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« Discours masculins, discours féminins », Saturday 6 February 1999 This one-day workshop held at UWE under the aegis of the Association of French Language Studies, and the Centre for European Studies UWE, made an attempt to draw together researchers in the emergent field of Language and Gender in French. We were lucky enough to attract speakers from Paris and Belgium as well as those working in British institutions. Marina Yaguello (Paris 7­Denis-Diderot) talked about the function of grammatical gender in French, taking a pragmatico-semantic approach. Making an initial division between animate/inanimate, human/inhuman, and male/female, Yaguello proceeded to argue that, despite apparent differences in morphology, there are great similarities in the manner in which languages which possess grammatical gender, like French, and those, like English, which do not, divide up reality. Jean-Marc Dewaele (Birkbeck College, London) presented the results of his research on "explicitness" and "implicitness" in men's and women's speech, using data from formal and informal oral exams. in French. His broad conclusion was that the young women in his sample shifted in style more sharply in the informal situation than did the young men. Cécile Bauvois (Mons, Belgium) talked of the devoicing of final consonants in the speech of men and women in Belgium and noted an unusual finding --that the women adhere more closely to the vernacular norm than do the men. Nigel Armstrong (Newcastle), by contrast, presented evidence from southern France concerning schwa-deletion which suggests that women more readily adopt supra-local (standard/non-vernacular) varieties than men. He linked this to the results of a "regional attachment" questionnaire which showed that the more attached speakers are to their region, the lower their deletion rate is likely to be and that males and females are clearly differentiated in this respect. The women appear to be more mobile in principle than the men and this is reflected in their speech forms. Marie-Marthe Gervais-le Garff (South Bank) in a paper entitled "A decade of linguistic parity in France?" addressed the question of the feminisation of job titles in French and the slow adoption of new forms by the press. A comparison was made of such forms from samples taken from Le Monde in March 1997 and in March 1998, and she notes a clear progression in the usage of feminine forms, with 33 more occurrences of masculine forms in 1997 and only 9 in 1998. However, if there is change, it is very slow and it was noted that interventionist policies by ministerial decree appear to have been largely ineffectual, as indeed they have been in stemming the flow of Americanisms and Anglicisms into French. Tim Pooley (London Guildhall) talked of the vernacularity of masculine and feminine sociolinguistic variants in French, specifically with reference to data collected in the Lille conurbation. He highlighted some of the difficulties raised by such research. This highly-successful event has served as a first step towards gathering together researchers in this field and it is hoped to maintain the momentum and to provide mutual support in its continuing development. Kate Beeching University of the West of England, Bristol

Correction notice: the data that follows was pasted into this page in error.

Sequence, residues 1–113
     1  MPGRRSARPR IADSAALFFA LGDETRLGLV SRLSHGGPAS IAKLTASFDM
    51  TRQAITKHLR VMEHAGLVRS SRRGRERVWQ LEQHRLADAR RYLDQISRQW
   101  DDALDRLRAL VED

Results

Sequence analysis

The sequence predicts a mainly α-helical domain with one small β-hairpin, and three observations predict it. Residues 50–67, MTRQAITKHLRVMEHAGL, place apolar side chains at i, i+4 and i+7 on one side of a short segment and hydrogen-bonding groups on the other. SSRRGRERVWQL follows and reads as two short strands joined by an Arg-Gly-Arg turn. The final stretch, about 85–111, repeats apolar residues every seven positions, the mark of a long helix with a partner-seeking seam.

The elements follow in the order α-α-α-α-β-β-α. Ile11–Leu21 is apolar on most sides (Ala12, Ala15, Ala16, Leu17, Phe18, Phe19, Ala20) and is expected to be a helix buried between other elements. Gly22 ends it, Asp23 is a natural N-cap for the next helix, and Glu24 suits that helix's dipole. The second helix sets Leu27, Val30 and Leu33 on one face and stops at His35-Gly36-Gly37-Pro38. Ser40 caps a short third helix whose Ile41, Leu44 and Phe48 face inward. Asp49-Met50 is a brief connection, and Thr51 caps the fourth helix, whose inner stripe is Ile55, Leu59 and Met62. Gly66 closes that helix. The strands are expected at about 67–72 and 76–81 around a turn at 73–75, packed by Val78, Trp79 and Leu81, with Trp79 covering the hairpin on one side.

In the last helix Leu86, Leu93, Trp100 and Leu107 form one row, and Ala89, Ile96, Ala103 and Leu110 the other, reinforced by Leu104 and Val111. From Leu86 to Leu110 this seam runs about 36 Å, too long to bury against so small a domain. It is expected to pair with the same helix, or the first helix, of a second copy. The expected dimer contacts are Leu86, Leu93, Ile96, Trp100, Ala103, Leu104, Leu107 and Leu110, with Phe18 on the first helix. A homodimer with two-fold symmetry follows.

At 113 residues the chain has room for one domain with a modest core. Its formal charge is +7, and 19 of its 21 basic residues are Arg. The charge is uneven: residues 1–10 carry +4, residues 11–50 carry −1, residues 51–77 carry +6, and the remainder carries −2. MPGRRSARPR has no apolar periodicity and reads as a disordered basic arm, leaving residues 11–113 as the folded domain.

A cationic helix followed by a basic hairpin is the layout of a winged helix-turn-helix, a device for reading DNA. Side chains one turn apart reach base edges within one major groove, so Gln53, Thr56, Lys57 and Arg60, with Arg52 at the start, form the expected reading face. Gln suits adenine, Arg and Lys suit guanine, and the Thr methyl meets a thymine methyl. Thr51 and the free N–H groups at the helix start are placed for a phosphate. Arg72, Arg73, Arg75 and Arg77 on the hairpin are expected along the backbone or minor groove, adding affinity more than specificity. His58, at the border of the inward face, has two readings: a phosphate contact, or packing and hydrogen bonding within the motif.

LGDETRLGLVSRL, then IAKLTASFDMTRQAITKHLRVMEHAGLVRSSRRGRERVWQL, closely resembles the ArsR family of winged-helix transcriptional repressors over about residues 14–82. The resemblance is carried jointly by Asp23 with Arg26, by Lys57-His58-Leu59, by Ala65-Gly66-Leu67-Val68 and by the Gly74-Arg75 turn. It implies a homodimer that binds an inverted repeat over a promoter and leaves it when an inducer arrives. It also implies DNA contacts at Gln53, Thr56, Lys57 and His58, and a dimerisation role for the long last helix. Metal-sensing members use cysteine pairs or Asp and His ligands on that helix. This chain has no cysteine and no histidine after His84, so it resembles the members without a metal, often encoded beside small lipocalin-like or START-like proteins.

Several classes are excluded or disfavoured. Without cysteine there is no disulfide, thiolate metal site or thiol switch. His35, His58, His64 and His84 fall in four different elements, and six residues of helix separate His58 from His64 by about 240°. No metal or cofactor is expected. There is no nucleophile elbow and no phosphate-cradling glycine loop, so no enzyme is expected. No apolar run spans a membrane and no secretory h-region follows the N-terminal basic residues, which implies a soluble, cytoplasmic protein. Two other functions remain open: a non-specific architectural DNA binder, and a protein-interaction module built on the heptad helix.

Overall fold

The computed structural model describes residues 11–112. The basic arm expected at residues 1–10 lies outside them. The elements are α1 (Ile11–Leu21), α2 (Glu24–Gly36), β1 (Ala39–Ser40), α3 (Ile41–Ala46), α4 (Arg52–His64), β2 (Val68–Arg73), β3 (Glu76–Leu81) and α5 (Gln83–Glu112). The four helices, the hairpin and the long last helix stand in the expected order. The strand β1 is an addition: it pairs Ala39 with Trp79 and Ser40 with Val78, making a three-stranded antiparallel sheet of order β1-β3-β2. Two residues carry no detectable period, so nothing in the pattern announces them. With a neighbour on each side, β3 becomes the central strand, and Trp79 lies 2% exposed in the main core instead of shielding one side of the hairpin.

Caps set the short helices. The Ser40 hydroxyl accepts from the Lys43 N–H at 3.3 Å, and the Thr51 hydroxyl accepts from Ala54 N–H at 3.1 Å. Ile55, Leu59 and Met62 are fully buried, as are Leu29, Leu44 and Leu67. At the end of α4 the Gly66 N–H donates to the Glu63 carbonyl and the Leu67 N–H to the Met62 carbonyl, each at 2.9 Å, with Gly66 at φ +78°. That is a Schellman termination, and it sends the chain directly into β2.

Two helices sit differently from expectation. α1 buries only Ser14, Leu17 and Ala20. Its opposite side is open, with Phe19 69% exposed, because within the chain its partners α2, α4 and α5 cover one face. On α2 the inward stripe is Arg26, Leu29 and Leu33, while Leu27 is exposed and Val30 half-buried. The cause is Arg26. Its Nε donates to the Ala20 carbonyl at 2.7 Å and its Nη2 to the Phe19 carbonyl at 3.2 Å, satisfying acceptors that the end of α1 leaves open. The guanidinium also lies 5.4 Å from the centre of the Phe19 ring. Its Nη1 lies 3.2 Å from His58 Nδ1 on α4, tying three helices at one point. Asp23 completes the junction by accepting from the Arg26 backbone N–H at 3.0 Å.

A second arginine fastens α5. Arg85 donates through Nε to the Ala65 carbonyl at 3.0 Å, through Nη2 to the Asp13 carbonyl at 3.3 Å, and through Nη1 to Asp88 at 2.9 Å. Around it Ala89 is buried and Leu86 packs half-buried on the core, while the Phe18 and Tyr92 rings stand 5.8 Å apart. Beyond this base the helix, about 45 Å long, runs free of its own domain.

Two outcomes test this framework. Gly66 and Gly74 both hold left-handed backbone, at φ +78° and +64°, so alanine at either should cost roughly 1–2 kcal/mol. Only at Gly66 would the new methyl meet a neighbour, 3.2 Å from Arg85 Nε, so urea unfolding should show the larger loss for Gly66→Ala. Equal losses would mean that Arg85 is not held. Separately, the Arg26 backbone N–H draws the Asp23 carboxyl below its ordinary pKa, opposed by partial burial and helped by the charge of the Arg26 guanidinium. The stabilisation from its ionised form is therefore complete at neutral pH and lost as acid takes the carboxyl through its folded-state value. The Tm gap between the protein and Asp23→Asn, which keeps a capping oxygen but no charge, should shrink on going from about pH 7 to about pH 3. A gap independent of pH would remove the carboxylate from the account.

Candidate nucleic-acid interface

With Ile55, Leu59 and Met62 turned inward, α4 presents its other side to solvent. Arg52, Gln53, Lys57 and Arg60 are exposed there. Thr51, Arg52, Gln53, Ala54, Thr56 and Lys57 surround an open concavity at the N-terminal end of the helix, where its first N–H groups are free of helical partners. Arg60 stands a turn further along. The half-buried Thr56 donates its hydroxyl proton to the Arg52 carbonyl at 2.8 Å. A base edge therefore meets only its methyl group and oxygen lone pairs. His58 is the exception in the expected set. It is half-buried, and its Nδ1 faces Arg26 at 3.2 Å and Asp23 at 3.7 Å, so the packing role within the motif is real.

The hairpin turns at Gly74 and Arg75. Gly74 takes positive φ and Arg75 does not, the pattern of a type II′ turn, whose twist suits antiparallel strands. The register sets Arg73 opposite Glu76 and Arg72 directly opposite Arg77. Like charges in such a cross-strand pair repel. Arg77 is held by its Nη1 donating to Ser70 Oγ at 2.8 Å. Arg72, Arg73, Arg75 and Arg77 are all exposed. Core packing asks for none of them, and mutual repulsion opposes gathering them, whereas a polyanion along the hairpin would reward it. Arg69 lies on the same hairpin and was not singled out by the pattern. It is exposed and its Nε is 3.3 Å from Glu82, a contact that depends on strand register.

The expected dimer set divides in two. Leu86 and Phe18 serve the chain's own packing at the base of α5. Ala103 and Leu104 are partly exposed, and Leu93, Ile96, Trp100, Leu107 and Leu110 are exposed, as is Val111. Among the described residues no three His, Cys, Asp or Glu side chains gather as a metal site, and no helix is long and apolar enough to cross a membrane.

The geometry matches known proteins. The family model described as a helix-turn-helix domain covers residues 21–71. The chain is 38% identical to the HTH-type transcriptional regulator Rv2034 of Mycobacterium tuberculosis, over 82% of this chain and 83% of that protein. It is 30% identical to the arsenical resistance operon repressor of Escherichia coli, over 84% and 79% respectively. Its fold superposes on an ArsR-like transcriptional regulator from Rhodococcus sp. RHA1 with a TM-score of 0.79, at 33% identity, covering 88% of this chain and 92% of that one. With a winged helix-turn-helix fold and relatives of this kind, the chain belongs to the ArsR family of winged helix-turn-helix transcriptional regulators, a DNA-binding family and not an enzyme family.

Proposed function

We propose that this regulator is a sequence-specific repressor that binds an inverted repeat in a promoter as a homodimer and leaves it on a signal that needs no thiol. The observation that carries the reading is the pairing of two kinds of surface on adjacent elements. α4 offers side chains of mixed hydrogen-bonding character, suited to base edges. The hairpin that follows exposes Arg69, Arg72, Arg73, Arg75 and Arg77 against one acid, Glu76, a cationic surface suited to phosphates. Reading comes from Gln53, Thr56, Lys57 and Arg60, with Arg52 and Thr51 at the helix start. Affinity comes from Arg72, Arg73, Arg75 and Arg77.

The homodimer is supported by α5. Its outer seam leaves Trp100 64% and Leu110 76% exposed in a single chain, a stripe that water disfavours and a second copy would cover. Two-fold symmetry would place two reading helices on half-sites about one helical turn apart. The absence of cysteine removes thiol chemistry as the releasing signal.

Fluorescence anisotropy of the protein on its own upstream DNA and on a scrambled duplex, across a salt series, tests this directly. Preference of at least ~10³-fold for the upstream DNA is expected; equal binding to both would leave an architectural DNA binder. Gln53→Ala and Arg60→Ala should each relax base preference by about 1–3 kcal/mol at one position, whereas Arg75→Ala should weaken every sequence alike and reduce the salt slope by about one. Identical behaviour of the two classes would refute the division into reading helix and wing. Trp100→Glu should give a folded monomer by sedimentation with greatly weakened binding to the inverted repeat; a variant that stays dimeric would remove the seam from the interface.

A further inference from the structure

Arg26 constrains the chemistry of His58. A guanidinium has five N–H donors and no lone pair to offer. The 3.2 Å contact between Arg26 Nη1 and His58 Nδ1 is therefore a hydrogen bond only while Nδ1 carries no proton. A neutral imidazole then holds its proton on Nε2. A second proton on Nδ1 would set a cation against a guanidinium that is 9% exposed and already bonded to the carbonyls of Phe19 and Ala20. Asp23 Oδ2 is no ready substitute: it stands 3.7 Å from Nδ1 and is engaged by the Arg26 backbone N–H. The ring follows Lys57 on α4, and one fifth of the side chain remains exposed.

L'AFLS (Association for French Language Studies) en collaboration avec le Département de Français de l'université de Glasgow et avec le soutien du BCLE d'Édimbourg vous proposait, le 22 mai 1999, un atelier sur le thème: les théories de l'énonciation : de la théorie a la pratique.